Philippe Claudel – Les Ames Grises
The notion of revelation as catharsis works quietly behind the scenes in this slim novel. Our narrator needs to tell us something…il faut tout de même que j’essaie de dire. De dire ce qui depuis vingt ans me travaille le cœur. Il faut que j’ouvre au couteau le mystère comme un ventre, et que j’y plonge à pleines mains, même si rien ne changera rien à rien. This is a powerful image, of the story being slit open with a knife followed by a gory re-examination of the facts. But his avowal of the futility of his necessary retelling is what first alerts the reader to this narrator’s significance. Why he is the only person able to really tell us what happened. Because he isn’t just recounting a series of events that transpired in his village at the start of WWI, he is describing his own personal tragedy.The story unfolds in a small village against the fitting backdrop of early WWI and concerns, on the surface, the mysterious murder of a young girl nicknamed Belle du jour. But as the narrator plunges his knife more deeply into the heart of the story, in particular the life of the local chief prosecutor and a charming schoolmistress with whom the town falls in love, the reader quickly learns that nothing about this murder and this story is black and white. This is, in essence, the narrator’s point. Nothing is clear cut. Everything is gray. Even our souls.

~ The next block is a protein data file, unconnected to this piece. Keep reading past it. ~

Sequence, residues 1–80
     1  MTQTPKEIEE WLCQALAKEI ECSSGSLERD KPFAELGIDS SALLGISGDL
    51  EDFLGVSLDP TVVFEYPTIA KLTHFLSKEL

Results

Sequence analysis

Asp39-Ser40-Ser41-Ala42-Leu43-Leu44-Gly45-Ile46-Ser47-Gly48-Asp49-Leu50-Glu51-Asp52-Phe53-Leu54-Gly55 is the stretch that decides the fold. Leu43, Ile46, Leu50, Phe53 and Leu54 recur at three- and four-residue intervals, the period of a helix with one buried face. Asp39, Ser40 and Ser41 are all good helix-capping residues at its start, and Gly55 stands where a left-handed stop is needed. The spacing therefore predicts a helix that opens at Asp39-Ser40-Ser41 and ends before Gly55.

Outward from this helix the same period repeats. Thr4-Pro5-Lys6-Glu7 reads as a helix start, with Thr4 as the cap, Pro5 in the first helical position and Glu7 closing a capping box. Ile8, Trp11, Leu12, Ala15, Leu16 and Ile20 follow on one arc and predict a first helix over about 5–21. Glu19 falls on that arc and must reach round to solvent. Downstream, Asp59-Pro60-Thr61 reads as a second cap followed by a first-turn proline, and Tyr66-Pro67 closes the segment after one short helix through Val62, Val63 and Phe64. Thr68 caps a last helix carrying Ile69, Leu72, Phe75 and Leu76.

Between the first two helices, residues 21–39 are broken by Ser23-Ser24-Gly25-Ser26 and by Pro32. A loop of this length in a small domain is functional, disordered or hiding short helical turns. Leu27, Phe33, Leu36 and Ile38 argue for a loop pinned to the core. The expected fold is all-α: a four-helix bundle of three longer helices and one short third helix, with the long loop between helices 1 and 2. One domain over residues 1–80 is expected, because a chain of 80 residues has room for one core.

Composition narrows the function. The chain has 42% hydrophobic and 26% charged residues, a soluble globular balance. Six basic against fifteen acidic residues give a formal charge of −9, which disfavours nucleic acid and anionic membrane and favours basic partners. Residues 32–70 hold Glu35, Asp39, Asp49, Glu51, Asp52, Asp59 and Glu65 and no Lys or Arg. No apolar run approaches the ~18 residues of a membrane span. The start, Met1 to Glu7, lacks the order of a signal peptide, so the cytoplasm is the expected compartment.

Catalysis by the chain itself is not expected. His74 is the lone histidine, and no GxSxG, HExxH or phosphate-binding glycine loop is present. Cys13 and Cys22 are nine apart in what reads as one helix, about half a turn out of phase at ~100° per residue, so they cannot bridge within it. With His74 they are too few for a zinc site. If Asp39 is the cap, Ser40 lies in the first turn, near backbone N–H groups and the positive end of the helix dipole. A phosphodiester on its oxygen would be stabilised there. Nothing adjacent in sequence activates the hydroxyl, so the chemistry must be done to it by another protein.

Despite the absorbing intrigue surrounding the murder of Belle du jour, this novel poses a deeply troubling but profound question about loss and grief. The narrator remembers visiting the young girl’s father, a restaurant owner, a few weeks after the murder. Jamais auparavant je n’avais vu la grande salle vide. Aucun bruit….Et Bourrache devant le feu, assis sur un tabouret de lutin, les pieds tendus vers les quelques braises, la tête penchée, penchée sur le vide. Un géant mort. The narrator, who is unaware of the fact that at that same moment his pregnant wife is beginning to go into the labor that will ultimately kill her, sits beside Belle du Jour’s father to keep him company. And then suddenly, the father turns to the narrator and begins to strangle him. Just like that. Just puts his two hands around the narrator’s neck and keeps tightening. …et moi, bizarrement, je n’ai pas eu peur, je l’ai laissé faire, je savais que je n’avais pas affaire a un assassin, ni même a un fou, mais tout bonnement a un père qui venait de perdre son enfant, et pour qui le monde désormais était comme un grand soleil taché de noir. This first scene hints at the destructive powers of grief, powers that the narrator will revisit when he finally becomes able to tell us the story he’s been wanting to recount from the beginning.